And that’s the kicker.

That’s the thing that really has helped me change habits that have been long-standing and irritating.

That is, changing my mental focus from the prevailing “have to” mentality to a “want to” mentality.

How many times have you told yourself or others that you “have to” or “should” or “need to” get to the gym?

How’s that working out for you?

I can all but guarantee that the people you know who have made the biggest positive lifestyle changes are those who got themselves out of “have to” mode and shifted into “want to” mode.

It may seem simple, but just try it.

Pay attention to how many times people tell you that they “have to” or “need to” or “should” do something.

Pay attention to how often your own subconscious thoughts sound like that - and then pay attention to how stressed out you feel over the fact that you’re not actually doing those things that you feel that you need to be doing.

Again, how’s that working out for you? (I say this as someone who struggles with it myself).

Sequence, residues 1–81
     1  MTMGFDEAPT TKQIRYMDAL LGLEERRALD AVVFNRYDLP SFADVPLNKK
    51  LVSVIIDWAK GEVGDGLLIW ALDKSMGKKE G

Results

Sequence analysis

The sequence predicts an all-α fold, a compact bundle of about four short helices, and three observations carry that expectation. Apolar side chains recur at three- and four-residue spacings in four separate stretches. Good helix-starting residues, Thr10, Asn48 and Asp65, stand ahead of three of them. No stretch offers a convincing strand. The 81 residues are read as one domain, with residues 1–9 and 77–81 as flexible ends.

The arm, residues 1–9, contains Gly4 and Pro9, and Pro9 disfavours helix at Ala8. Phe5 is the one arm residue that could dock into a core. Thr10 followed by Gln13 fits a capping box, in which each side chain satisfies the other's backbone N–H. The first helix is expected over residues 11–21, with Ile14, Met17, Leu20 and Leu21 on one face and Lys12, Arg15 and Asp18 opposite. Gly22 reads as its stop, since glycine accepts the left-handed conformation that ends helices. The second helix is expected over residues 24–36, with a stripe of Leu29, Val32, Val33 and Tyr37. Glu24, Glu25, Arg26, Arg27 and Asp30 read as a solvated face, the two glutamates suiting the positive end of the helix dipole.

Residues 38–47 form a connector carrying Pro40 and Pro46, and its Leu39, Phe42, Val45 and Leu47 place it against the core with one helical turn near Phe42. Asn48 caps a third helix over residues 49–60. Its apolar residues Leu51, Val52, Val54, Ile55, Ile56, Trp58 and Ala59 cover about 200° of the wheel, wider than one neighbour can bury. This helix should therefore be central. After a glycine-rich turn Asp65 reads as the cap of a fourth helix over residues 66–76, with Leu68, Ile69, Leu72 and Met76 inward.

Giving in to all those “shoulds” in your life doesn’t help you. It destroys productivity. Checking social media and telling everyone what you are up to all of the time doesn’t really benefit you, does it?

It distracts you from the things that are really important to you.

I still wake up and feel that nagging, “What if I’m missing something? What if someone needs us?” feeling - but I’m learning to curb it and ignore it. Not even ignore it…but to DEFY it.

Having the freedom to defy the “have to’s” of the world and instead focus on what’s actually important to me and those that I care about?

There’s nothing like it in the world.

You should try it some time.

If you want to, that is.


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Ryan J. Rhoades

CEO & Creative Director at Reformation Designs
Ryan & his wife Laura are a media design team based in Salem, OR. They have worked with people from all walks of life: tech giants, authors, speakers, coaches, pastors, startups, students and entrepreneurs. They specialize in many forms of multimedia creation including graphic art and design, video production and social media marketing. They offer many types of design resources for sale and you can buy Ryan's latest book here.